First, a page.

Saturday, 30 April 2011

Thoughts on trees...........

Thinking on trees this morning; I have three awaiting planting now - a Scots pine, the copper hazel and the Bramley apple.
First of all, every time I buy a tree a chicken seems to die. I like to bury chickens and other animals under a tree, so I know it will go undisturbed, but over the past few years, when I've bought a tree, it seems that a chicken dies within days. Convenient from one point of view, but a bit sad really. Stocks of hens now seriously depleted, so will be looking into getting some more very soon.
Next - wind chimes. Love them or hate them?  I like them, but I like good ones, not tinny wee things that don;t actually chime, just make an annoying tinkly sound lol (are you listening next door?). I have my favourite kinds, but both need attention. I had my aeolian chimes (the ones tuned to specific notes, a really beautiful sound) in one of the elderberry trees, but they eventually fell apart, and need fixing, so that's being done this afternoon and I'll find a lovely place in a tree for them so I can hear them. My other set are the big deep-sounding bamboo ones, hooked on to the cabin. They need a new bit put on to the end to catch the wind and make them go.
Thirdly - wind!  I love the sound of wind through trees, but up until fairly recently, none of my trees has been quite tall enough to get the effect and the lovely sound. Now the garden is maturing, and with it the trees, they've now reached a height where I can hear the wind through my own trees. How satisfying is that?

Thursday, 28 April 2011


....... lots of them I hope!
I found a lovely Bramley Seedling apple tree in Morrisons the other night for only £5, so I've just done a quick recce, and think I now must have a full (enough) complement of apple trees, not least for space to plant them!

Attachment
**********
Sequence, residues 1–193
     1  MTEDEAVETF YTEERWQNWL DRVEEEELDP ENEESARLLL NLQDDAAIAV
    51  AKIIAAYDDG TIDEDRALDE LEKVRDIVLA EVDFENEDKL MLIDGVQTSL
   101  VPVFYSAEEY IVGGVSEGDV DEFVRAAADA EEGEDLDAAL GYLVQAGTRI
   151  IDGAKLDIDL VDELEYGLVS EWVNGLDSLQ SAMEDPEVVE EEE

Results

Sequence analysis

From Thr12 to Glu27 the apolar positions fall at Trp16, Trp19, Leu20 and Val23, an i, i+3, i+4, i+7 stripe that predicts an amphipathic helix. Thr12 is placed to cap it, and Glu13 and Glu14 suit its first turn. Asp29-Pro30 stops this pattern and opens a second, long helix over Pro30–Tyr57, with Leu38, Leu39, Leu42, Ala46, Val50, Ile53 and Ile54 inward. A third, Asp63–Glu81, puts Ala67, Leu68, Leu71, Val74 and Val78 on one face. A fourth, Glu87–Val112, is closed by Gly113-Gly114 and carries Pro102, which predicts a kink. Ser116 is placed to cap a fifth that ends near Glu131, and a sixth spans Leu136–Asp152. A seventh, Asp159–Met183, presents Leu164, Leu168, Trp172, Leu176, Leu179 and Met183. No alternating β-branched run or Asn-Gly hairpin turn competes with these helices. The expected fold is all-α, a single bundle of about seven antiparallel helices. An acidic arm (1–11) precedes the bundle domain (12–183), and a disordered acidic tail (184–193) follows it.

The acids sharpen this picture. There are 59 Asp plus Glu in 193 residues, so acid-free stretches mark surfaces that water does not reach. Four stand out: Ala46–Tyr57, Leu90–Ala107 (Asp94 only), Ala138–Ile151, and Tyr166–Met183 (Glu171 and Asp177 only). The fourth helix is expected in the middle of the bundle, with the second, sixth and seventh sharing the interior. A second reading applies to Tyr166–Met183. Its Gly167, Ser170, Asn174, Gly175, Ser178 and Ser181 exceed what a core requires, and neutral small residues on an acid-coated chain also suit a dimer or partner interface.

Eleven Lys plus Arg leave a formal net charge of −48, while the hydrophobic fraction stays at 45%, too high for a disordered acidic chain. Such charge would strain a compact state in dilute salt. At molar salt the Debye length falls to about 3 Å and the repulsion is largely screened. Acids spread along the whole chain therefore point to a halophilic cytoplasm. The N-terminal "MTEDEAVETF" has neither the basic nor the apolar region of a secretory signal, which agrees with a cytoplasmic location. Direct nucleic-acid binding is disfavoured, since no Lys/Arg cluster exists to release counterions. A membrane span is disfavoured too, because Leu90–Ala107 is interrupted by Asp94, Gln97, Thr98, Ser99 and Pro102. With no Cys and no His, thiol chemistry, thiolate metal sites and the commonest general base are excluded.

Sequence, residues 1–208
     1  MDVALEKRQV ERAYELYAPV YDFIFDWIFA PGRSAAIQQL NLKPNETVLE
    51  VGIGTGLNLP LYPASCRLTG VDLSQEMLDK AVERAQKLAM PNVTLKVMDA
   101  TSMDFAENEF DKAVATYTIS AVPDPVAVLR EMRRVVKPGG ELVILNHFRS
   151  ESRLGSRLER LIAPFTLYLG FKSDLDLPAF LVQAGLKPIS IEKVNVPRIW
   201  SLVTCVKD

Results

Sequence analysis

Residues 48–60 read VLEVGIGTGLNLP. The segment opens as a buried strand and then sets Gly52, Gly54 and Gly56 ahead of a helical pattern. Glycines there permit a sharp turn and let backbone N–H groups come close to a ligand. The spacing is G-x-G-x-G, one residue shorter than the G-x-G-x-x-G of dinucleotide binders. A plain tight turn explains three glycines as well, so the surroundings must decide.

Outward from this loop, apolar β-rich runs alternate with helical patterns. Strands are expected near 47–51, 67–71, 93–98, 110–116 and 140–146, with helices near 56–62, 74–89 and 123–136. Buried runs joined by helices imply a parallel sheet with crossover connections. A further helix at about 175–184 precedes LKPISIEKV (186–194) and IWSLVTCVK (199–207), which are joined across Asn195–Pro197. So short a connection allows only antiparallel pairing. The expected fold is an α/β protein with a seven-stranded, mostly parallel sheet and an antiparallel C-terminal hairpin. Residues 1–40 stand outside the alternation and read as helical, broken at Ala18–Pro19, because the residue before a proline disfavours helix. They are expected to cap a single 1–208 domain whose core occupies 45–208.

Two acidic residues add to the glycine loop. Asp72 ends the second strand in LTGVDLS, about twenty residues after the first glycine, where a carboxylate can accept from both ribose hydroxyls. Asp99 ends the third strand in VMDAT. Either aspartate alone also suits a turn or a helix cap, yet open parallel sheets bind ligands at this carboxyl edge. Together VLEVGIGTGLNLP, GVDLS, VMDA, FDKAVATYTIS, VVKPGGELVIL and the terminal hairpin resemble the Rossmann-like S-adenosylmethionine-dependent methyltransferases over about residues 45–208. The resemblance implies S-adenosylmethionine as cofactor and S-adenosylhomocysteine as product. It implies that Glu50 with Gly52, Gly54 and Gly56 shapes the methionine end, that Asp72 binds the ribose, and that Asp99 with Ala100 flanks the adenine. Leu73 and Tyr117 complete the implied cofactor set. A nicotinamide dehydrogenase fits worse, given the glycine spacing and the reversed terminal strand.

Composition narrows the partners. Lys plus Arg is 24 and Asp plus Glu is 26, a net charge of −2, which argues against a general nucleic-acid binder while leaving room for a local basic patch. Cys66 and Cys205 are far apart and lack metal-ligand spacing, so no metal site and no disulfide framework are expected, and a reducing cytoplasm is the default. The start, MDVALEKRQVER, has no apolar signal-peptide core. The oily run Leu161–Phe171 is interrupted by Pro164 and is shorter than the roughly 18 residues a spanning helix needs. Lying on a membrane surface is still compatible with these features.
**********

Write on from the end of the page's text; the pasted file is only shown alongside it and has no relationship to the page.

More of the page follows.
I now have the Bramley for cooking; A Sussex Duck's Bill (aka Winter Queening) for eating and cooking; Bardsey Island for eating; Devonshire Quarrenden for eating - this is a biennial bearer, but the crop every second year is amazing, will bear this year - the picture above is of some of them the year before last, lovely little apple, but not a good keeper; cider apples are Yarlington Mill, a good local one; Sops in Wine, the most amazing coloured blossom; Slack Ma Girdle, hasn't blossomed or fruited yet.
Crab apples are Wisley, huge fruits; Aldenhamensis, tiny fruits; John downie, one of the most amazing sites when hanging with ripe apples, just lovely.
I put in another apple out the front last year, but can't for the life of me remember what it is lol I'm not a label person............
Roll on apple time :)

Wednesday, 27 April 2011

Simple pleasures for a simple life

Dolly pegs and red geraniums in old clay pots by the door - can't be beaten. I got the basket of pegs at the car boot sale on Monday - 79 of them and their basket for only £1. The  6 wee geraniums, the traditional scarlet ones, will be grown on a while, then planted into pots to put by my cabin door.

Tuesday, 26 April 2011

Wallflower wine

This is a lovely light wine to make, and it tastes exactly as it smells! Easy and cheap to make, a real taste of late spring in a bottle.

2 quarts of wallflower petals
1 gallon water just off the boil
2 1/2 lbs sugar
1 lemon, sliced
1 teabag
1 tbsp yeast, activated

Put petals into brewing vessel, pour over water; add sugar and stir to dissolve, then lemon and teabag. Cover loosely, and allow to cool to blood temp, then add activated yeast. Cover closely and leave for 4- 5 days, stirring dialy, Strain into demi john, leave 6 weeks, rack off, then bottle when clear. Leave a full year before drinking.